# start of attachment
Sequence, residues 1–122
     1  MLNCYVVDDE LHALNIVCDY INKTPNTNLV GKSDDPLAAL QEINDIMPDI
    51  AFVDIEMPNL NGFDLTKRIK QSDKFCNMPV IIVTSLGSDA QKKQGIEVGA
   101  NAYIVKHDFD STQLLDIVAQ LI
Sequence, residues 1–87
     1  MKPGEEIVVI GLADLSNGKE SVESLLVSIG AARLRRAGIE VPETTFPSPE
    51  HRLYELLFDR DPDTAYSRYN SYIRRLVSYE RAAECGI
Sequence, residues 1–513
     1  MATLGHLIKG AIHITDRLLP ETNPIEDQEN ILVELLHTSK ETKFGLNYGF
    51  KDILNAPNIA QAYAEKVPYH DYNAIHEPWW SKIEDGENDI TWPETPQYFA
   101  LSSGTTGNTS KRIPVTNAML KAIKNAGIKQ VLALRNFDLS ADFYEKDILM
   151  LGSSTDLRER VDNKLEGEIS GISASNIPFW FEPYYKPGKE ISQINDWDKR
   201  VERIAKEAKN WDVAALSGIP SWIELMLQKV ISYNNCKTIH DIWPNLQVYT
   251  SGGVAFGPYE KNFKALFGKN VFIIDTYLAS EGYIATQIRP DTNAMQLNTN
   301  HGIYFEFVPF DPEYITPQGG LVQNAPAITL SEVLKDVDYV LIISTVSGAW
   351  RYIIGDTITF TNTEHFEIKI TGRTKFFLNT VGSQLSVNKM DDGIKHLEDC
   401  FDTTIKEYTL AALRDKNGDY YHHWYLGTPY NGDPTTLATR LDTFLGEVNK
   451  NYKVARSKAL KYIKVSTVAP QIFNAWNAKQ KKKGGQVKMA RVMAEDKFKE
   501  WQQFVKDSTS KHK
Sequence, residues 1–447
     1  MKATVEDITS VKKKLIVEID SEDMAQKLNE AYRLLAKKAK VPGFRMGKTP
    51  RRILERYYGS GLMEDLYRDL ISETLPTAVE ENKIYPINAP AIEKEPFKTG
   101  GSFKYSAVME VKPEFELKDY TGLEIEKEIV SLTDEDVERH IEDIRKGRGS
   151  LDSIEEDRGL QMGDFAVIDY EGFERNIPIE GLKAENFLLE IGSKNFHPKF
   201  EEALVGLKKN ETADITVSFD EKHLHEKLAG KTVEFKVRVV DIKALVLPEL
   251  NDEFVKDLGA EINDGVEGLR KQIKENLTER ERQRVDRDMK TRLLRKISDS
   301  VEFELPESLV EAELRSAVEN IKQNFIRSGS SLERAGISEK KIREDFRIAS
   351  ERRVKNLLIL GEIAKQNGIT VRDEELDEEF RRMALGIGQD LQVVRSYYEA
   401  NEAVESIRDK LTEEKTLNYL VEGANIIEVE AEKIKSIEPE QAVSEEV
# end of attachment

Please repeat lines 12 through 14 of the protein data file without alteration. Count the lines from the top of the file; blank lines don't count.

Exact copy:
   151  LGSSTDLRER VDNKLEGEIS GISASNIPFW FEPYYKPGKE ISQINDWDKR
   201  VERIAKEAKN WDVAALSGIP SWIELMLQKV ISYNNCKTIH DIWPNLQVYT
   251  SGGVAFGPYE KNFKALFGKN VFIIDTYLAS EGYIATQIRP DTNAMQLNTN